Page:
ABC Medical Center > Tong-tie (ankyloglossia)

What is Tong-tie (ankyloglossia)?

21:54 - 4 May , 2021


It is a birth anomaly that limits the movements of the tongue, causing problems in the child when eating, speaking, or swallowing.

Generally, the lingual frenum is separated before giving birth so that the tongue can move freely, but when it is short, it remains attached to the bottom of the tongue, which can also affect the breastfeeding process.

The origin or cause of this pathology is unknown, but it is usually linked to genetic or hereditary issues. It occurs more regularly in boys than in girls.

Signs and symptoms Tong-tie (ankyloglossia)

Although on rare occasions tongue-tie does not cause discomfort, the characteristic symptoms consist of:

  • Overexertion to move the tongue and raise it.
  • Difficulty sticking out the tongue.
  • Cleft tongue that is shaped like a heart.

Potential risks:

Having a tongue-tie represents several significant complications, including:

  • Breastfeeding difficulties: unable to move the tongue or keep it in the correct position, the baby cannot adequately extract breast milk, so instead of sucking on the nipple, it bites it, causing pain in the mother and poor nutrition in the child.
  • Language and speech problems: the tongue, unable to rise, prevents the correct pronunciation of consonants.
  • Poor oral hygiene: problems removing food debris from the teeth, triggering the possible formation of cavities and gingivitis.
  • Injuries: Tongue-tie causes it to frequently rub against the lower teeth, causing injuries or sores.
  • Difficulty licking, kissing or blowing.

Diagnosis and treatment Tong-tie (ankyloglossia)

Once the doctor analyzes your symptoms and clinical history, they will perform a physical examination to assess the tongue and its range of motion.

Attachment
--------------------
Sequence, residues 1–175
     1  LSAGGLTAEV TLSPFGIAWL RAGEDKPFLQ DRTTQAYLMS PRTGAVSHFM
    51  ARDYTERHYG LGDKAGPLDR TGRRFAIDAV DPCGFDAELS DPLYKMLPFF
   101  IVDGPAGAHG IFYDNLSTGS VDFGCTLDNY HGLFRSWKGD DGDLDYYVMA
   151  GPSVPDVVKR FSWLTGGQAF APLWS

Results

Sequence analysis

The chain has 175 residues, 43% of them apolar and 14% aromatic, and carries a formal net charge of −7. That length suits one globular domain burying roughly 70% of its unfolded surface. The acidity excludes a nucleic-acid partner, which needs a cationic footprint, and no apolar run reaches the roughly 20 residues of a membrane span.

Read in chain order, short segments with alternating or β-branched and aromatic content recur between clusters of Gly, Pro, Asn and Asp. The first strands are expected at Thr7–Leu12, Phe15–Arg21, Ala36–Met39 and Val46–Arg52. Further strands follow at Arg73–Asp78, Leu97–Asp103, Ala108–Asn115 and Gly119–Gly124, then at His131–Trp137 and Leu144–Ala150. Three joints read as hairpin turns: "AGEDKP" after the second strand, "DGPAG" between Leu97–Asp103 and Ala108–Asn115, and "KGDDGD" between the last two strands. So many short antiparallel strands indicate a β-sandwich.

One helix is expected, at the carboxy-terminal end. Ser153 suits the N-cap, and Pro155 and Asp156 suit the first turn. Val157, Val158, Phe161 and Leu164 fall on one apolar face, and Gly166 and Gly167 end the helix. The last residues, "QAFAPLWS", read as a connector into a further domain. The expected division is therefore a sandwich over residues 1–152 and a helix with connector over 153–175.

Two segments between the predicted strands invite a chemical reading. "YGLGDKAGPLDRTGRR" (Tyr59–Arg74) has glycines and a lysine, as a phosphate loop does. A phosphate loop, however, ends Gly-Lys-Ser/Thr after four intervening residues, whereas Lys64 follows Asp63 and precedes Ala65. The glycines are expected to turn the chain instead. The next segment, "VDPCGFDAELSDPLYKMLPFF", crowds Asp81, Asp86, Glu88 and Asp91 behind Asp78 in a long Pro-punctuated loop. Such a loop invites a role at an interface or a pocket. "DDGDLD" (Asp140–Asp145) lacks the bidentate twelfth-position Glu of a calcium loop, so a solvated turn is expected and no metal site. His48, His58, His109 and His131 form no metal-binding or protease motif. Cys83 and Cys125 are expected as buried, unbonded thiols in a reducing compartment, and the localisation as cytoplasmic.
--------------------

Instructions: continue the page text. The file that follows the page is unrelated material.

The indicated treatment will depend on the difficulty of the tongue’s range of movement and the medical criteria since if the lingual frenum’s length is slightly less than normal, rehabilitation therapy with a speech therapist can help counteract the tongue’s mobility limitations.

Some pediatricians may suggest correcting this anomaly from infancy with surgery or allowing some time to pass to observe the evolution of the lingual frenum and, if necessary, a surgical procedure. The support of a lactation expert and a speech therapist may also be required.

Surgery includes two types of procedures:

  • Frenotomy: It can be performed with or without anesthesia because it is a quick surgery that causes slight discomfort. After this, the baby can breastfeed immediately. Although complications are practically null, infection, bleeding, and lesions on the tongue or salivary glands may occur.
  • Frenuloplasty: It is recommended when something else needs to be repaired in the mouth or the lingual frenum is too wide. This procedure allows the frenum release and the suturing of the wound with absorbable materials as the tongue heals. The possible risks are minimal, but infections, hemorrhages, and injuries to the tongue or salivary glands may occur.

At the Pediatrics Center, we provide specialized care to our small patients from birth to adulthood, through our pediatric, oncology, neurology, and cardiology services at the level of the best medical centers in the world.


  • Traub VV, Salas BG, Solé VP. Anquiloglosia: una mirada retrospectiva. Lat Am J Oral Maxillofac Surg. 2021;1(1):26-30. doi:10.35366/101914.
  • Vélez-Cruz ME, León-Aguilar RA, Montoya-Pérez LA, et al. Frenilectomía lingual con mioplastia del geniogloso. Rev Mex Pediatr. 2021;88(2):67-70. doi:10.35366/101280.
  • Guinot JF, Carranza BN, Veloso DA, et al. Prevalencia de anquiloglosia en neonatos y relación con datos auxológicos del recién nacido o con otras malformaciones o enfermedades asociadas. Rev Odotopediatr Latinoam. 2021;11(1):41-50.
  • Robles-Andrade MS, Guerrero-Sierra C. Impacto de la anquiloglosia y la frenotomía lingual en la alimentación neonatal. Perinatol Reprod Hum. 2014;28(3):154-158.

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